Among the first few tasks that chief minister Devendra Fadnavis attended to after taking the oath of office was to re-constitute the way his office was run. Borrowing unabashedly from Prime Minister Narendra Modi’s empowered Prime Minister’s Office, Fadnavis created the Chief Minister’s Office (CMO). What are the odds that the CMO will not become the all-powerful super-ministry in the months ahead?
Fadnavis further emulated Modi’s energy and passion for various macro and micro assignments (from lunching with leaders of corporate India to planning a condolence visit to the widow of a martyred cop on the same day), his penchant for quick decisions and actions, and of course, the PM’s new slogan and economic revival programme “Make in India”. Fadnavis turned it into “Make in Maharashtra”.
Fadnavis cannot be faulted for being a copy-cat. He is just doing his job. Make in Maharashtra, depending on the way it is said, could be an invitation, a fervent appeal, an order or even a threat. That apart, it is assumed that his Make in Maharashtra campaign will have a great deal to do with Mumbai and its pre-eminent position in the economics and commerce of the state. The city contributed nearly one-fourth to the state’s gross domestic product (GDP) of Rs 13,23,768 crore last year.
Yet, for all its bustle and glitz, Mumbai’s economy is far from being the self-sustaining healthy one it used to be when it was the manufacturing hub. Its wheels now roll on the tertiary sector which contributes more than 75% to its economy. It has seen a steady shift upwards from 62.6% about 20 years ago to 73% in 2009, according to state government data. Correspondingly, the contribution of the secondary sector has shrunk from 36% to less than 25% in the last two decades.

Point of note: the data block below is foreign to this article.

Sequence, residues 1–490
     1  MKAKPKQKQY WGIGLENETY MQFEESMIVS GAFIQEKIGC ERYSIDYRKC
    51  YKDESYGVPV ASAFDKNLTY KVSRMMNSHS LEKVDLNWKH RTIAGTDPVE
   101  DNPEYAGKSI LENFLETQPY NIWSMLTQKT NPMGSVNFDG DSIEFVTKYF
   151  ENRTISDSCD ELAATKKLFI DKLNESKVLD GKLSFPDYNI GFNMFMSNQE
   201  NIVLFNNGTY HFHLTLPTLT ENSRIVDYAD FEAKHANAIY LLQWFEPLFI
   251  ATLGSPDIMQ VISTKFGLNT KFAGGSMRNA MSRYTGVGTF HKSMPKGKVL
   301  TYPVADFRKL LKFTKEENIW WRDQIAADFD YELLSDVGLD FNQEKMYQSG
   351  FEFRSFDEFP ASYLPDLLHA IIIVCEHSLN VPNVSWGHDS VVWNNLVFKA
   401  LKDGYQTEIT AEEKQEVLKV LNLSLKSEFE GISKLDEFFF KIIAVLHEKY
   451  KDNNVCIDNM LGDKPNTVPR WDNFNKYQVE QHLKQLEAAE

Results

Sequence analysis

The tertiary sector comprising banking and finance, Information Technology, transport and communications, hospitality and entertainment industries places a set of demands on the government different from what the secondary sector — large, medium and small-scale manufacturing, construction, power and utilities — wants from the government. Fadnavis would have to balance those competing demands. This calls for more than appointing a senior bureaucrat as a nodal officer to oversee the work of multiple agencies.
Mumbai’s contribution to the state GDP has been growing at a pace lower than other districts and areas of the state. This is only partly explained by the policy of shifting manufacturing and allied industries outside the city. The city’s social and liveability indicators contribute to this too. This is not to argue against economic revival of other areas; it is only to point out that Mumbai, the growth engine, has slowed down.
Mumbai, as the rest of Maharashtra, shows a high incidence of unemployment among the educated youth. Various national and state agencies put this figure at around 20% but it could be higher. This is the famed demographic dividend getting wasted, day by day. Urban research experts such as DP Singh of the Tata Institute of Social Sciences have shown that the incidence of commercial/economic establishments with self-employed has been on the rise compared to those that employ.
“…The policy-makers should be concerned at the decline in the number of establishments and the number of jobs they create and offer. New industries are not finding space in Mumbai to operate from, which in turn adversely impact newer employment generation. Newer areas need to be developed within city to establish industries to sustain the employment on offer to match at least the present population’s demand for livelihoods,” he stated in an analysis of employment in Mumbai.
Fadnavis may want to read the paper and many others of its kind that focus on redevelopment which goes well beyond the reduced version of buildings and carriageways. Regeneration would have to focus on elements such as employment, security and liveability too.